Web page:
What would December be without the Poinsettia? I can't remember a year where I didn't see the Poinsettia proudly displayed during the month of December. When I was a little girl, my mom and I would often buy a poinsettias in memory of my father, who had died when I was nine years old. It would sit with the other poinsettias that had been bought in honor or in memory of someone at our Christmas Eve and Christmas church services.
Poinsettia have been the number one selling potted plant in December for a long time. They can easily gross more than $250 million sales during the six-week period before Christmas. The beautiful plant has become an important Christmas symbol cherished for generations. Although they are widely displayed during the holiday season in the United States the poinsettia is not one of our native plants. Who do we have to thank for the cultivation of this timeless classics?
The Aztecs and the Poinsettia
Prized by Kings Netzahualcyotl (April 28, 1402 – June 4, 1472) and Montezuma (1466 – 29 June 1520), the poinsettia was considered to be a gift from the gods. It grew naturally in the tropical lowlands of Mexico in the region of Oaxatcpec. Oaxatcpec was conquered by the Aztec king Moctezuma Ilhuicamina (1440–1469). He created the area as a leisure center for the Aztec nobles. He also created an irrigation system there using the local water springs to create an elaborate royal gardens that cultivated flowers and plants.
The Aztecs called the Poinsettia Cuetlaxochitl, which means "Flower that withers, mortal flower that perishes like all that is pure". The red leaves of the poinsettia served to remind the Aztecs that the gods had created the universe, the debt of which was to be repaid by a human sacrifice. During the mid-winter celebrations the poinsettia was used to represent blood sacrifices and purity.
Between 1440-1446 AD, the last Aztec ruler, King Montezuma and his half brother Tlacalel visited the royal gardens of Oaxatcpec. King Montezuma and his brother had wanted to transplant poinsettia plants to Tenochtitlan but found the plant would not survive the climate change. Instead, he ordered that the poinsettia plants be cultiviated in Oaxatcpec. The red leaves were used as dye for clothes and the sap of plant was used to treat fevers. Caravans of poinsettia plants were transported from Oaxatcpec to Tenochtitlan. King Montezuma even decorated his palace with poinsettia plants. The plant was highly regarded as a cash crop to the Aztecs. It was even planted in small gardens. From October to May, the flowers were greatly admired by the Aztecs. It was considered to be "birds aflame".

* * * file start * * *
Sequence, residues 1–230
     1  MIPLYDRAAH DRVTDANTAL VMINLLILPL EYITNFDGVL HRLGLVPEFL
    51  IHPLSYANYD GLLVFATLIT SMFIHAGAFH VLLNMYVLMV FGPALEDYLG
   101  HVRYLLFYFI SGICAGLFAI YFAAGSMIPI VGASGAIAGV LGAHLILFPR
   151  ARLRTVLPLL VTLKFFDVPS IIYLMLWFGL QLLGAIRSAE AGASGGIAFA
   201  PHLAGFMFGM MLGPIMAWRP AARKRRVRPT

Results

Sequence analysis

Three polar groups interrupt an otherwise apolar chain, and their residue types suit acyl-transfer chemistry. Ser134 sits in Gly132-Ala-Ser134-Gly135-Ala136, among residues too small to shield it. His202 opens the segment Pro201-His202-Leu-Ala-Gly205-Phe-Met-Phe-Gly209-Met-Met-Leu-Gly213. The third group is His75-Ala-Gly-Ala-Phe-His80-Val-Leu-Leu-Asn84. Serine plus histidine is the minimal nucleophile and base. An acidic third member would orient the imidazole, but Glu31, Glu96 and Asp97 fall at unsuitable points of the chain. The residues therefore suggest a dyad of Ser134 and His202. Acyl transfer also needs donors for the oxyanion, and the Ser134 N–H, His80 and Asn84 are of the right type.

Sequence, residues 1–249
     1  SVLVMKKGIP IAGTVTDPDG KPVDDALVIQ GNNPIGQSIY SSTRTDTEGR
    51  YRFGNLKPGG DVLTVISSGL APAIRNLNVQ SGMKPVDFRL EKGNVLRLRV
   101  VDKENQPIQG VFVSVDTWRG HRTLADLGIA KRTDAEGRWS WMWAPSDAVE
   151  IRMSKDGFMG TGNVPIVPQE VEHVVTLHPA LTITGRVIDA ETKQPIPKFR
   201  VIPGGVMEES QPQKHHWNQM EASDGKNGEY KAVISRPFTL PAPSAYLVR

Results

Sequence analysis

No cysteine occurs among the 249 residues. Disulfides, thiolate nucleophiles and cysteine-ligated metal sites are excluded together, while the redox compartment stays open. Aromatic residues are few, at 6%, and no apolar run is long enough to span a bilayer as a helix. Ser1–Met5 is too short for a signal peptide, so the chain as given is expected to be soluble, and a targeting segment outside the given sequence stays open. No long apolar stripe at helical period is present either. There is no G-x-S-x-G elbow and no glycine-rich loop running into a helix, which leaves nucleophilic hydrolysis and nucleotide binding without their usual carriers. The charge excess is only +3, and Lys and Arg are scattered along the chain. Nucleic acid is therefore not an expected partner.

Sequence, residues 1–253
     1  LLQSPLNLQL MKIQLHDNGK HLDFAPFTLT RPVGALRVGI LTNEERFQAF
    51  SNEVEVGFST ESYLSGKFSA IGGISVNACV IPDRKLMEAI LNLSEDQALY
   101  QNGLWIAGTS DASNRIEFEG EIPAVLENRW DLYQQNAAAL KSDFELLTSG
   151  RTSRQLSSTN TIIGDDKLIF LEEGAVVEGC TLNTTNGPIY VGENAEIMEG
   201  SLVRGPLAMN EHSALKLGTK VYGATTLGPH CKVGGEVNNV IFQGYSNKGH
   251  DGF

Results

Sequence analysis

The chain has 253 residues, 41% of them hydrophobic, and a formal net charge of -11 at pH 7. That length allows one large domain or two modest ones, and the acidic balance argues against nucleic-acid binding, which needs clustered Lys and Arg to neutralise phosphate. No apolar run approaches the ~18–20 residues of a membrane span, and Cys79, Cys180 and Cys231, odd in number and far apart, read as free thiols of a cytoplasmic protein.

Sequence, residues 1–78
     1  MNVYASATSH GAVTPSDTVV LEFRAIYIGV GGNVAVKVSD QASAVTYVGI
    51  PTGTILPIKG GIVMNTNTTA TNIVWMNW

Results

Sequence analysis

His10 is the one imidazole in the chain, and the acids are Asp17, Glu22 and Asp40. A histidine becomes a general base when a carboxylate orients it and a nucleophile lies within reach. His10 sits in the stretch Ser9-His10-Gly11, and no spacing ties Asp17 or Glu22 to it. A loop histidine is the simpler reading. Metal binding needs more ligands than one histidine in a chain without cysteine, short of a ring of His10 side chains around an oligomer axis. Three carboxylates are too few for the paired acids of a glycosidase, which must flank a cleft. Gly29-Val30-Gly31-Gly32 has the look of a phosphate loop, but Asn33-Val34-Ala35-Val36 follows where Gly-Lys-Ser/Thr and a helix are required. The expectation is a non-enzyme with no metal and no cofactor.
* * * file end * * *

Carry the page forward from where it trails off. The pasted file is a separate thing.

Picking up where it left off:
The Christmas Flower
The poinsettia plant spread throughout the lowlands of Mexico. During the 17th century, a group of Spanish Franciscan priests settled near Taxco. Taxco was sparsely populated and had been used since before the arrival of the Spanish for mining. They noticed the poinsettia blooming and just as the Aztec's had, they associated the red leaves with blood. The priests believed the leaves were to remind everyone of the blood sacrifice Jesus had given on the cross. The first bloom in October was to signal to all Catholics and Christians that Christmas was coming. The priests used the poinsettia in the nativity procession, the Fiesta of Santa Pesebre. They called the poinsettia "la flor de Nochebuena," or Holy Night (Christmas Eve) flower. Many legends arose to explain how this flower came into existence. You can read one of those legends here: http://www.pauleckepoinsettias.com/history/legend.aspx
Joel Roberts Poinsett
Poinsettia Pulcherrima. Showy Poinsettia. This truly splendid plant was discovered by Mr. Poinsette, in Mexico, and sent by him to Charleston in 1828, and afterwards to Mr. Buist of Philadelphia; from Mr. Buist, it was brought by Mr. James McNab to the Botanical Garden Edinburgh, where it flowered twice last year, and again in February of the present year...
(From "Paxton's Magazine of Botany" Published 1837)
Today there are over 100 varieties of the poinsettia. You can learn more about Joel Roberts Poinsett's amazing life at this link: http://acgl.us/Education/Famous_Masons/JOEL%20ROBERTS%20POINSETT.pdf